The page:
Tiong Bahru residents band together to help ailing stray cat
Tiong Bahru community go the extra mile for iconic stray cat
The Tiong Bahru community has rallied around a grey tabby yet again after the stray's health took a turn for the worse.
More than $2,000 has been raised on crowdfunding site GiveAsia, which was set up by a resident to help pay the 12-year-old feline's growing medical bills.
It has been suffering from a chronic bladder condition after an accident in 2010.
While a series of operations saved Bob's life, its condition worsened about six months ago.
Every evening, residents take turns to administer a 150ml saline drip for Bob.
This is needed to ensure it is adequately hydrated as it began drinking less water and now suffers from difficulties urinating as a result of a build up of crystals in its bladder, said Eng Hoon Street resident Kelvin Ang, 46, a public servant.
Mr Ang estimates its medical supplies and regular vet check-ups over the next two to three years will cost about $5,000 and hopes more people can chip in.
About 10 residents are involved in Bob's welfare at the moment.
They take Bob into their homes every night so it does not wander around and munch on dried food, which will exacerbate its condition. They also feed it steamed fish and vegetables twice a day.
This is not the first time the community has gone the extra mile for Bob after it appeared in Eng Hoon Street in 2009.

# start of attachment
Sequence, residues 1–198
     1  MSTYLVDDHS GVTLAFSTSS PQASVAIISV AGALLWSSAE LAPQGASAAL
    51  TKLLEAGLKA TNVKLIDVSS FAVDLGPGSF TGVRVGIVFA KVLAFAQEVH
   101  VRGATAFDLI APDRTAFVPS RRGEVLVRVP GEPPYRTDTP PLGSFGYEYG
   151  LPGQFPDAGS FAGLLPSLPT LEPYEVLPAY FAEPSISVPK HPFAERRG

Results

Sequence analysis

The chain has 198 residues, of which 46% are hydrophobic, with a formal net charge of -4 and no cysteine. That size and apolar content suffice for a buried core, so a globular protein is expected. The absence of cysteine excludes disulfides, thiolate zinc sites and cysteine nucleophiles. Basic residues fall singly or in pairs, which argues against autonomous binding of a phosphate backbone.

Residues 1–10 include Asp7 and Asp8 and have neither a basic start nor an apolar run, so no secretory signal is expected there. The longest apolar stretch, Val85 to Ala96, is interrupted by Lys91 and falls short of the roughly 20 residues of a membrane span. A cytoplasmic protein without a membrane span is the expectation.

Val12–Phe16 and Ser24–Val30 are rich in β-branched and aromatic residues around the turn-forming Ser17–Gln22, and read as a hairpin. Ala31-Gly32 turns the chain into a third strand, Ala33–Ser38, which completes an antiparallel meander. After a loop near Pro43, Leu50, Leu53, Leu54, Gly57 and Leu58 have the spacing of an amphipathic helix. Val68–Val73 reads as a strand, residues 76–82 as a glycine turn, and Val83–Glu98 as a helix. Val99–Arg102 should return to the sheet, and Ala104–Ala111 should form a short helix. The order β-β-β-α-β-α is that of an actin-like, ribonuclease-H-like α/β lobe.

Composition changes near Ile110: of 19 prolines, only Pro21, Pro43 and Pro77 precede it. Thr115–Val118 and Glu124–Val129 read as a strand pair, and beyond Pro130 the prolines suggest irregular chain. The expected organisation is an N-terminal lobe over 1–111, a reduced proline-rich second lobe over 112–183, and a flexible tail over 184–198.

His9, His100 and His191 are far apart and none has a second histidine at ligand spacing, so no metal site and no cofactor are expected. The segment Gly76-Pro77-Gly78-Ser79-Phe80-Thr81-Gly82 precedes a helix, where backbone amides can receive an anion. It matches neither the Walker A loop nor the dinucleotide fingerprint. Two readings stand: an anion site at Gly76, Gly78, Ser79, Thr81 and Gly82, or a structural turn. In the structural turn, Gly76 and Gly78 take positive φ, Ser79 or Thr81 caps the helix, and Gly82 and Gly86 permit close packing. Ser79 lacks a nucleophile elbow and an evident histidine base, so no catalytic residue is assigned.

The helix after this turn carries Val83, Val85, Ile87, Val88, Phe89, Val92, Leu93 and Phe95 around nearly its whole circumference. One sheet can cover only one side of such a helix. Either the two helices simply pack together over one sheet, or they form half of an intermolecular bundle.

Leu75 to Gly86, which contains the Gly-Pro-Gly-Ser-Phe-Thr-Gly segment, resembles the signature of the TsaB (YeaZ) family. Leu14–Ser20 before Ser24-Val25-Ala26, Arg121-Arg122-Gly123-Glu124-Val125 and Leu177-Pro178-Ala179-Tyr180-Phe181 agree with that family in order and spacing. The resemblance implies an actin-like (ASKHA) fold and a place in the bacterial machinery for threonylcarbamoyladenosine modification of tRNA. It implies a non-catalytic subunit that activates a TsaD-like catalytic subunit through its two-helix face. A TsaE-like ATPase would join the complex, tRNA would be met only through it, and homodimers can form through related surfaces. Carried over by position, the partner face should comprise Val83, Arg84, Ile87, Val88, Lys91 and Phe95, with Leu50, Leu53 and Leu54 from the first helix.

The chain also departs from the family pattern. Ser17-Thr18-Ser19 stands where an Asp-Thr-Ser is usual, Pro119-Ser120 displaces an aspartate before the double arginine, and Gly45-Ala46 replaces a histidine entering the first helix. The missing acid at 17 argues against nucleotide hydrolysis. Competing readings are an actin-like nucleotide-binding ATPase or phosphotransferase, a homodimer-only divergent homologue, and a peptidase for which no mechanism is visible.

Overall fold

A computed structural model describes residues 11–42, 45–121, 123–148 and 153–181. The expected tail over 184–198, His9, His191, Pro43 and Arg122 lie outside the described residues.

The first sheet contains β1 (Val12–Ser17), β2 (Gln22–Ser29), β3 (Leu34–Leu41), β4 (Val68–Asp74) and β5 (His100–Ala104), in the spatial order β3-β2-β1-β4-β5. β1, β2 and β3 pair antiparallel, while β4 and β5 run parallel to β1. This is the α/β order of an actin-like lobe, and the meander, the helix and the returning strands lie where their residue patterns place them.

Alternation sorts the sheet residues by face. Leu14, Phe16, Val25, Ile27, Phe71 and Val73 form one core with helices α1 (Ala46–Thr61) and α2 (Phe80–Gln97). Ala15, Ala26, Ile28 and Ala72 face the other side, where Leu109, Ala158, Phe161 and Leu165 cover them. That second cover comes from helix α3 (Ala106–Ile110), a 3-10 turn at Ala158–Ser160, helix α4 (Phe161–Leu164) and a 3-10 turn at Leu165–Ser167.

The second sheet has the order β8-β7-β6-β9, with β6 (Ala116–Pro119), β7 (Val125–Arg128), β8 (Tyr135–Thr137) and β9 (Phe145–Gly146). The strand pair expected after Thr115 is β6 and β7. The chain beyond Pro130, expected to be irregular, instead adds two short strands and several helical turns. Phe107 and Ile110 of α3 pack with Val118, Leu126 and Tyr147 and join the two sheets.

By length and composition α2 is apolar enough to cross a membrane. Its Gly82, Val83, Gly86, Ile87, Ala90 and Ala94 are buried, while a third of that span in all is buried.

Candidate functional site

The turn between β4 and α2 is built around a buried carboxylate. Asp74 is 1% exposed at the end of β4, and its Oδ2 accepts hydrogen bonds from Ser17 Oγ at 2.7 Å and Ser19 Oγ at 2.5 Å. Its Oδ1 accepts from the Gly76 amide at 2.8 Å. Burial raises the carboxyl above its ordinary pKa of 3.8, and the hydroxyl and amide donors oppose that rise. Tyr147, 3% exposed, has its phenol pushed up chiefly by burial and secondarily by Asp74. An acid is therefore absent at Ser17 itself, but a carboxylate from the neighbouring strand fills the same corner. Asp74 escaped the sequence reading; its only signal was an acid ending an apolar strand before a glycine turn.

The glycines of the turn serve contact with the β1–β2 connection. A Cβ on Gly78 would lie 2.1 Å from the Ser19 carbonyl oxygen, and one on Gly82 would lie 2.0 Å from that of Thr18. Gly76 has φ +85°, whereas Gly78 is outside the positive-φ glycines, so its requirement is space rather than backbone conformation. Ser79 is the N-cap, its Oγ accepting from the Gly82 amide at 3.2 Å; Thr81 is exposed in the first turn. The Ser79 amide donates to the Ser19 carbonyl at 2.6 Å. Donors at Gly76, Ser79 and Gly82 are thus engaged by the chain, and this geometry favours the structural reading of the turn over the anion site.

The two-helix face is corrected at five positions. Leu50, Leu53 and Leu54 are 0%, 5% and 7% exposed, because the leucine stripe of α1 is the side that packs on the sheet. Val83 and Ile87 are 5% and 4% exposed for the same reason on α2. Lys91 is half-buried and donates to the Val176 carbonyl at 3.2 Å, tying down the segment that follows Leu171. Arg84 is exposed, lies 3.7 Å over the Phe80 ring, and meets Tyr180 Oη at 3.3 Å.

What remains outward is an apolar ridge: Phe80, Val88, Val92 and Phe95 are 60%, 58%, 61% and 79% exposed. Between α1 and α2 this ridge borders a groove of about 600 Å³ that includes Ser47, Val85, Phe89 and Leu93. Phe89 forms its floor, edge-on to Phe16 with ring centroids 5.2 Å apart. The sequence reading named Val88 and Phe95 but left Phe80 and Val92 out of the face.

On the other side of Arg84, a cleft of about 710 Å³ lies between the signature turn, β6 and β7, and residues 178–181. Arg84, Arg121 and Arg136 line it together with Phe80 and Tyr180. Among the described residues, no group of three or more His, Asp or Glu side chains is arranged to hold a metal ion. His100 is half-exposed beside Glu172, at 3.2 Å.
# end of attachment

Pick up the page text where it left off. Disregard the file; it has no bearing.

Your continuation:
After its accident in 2010, residents and shop owners helped fund its veterinary bills, which came to about $20,000.
They raised $16,000, and Bob's previous vet also gave an $8,000 discount. The remaining $4,000 was used to fund the cat's subsequent medical bills, but the money has run out.
Since then, residents have banded together to care for the cat, which has become an "icon" in Eng Hoon Street, said Mr Ang.
"He's part of the neighbourhood and brings people together."
Mr Ang added that Bob also "knows who needs a bit of company and will give them attention".
"We will care for him as long as he needs our help."
Madam Chan Poh Lin, 66, who works in sales and has been an Eng Hoon Street resident since 1990, said: "We feed strays and after a while, the attachment grows. It becomes a routine and a commitment."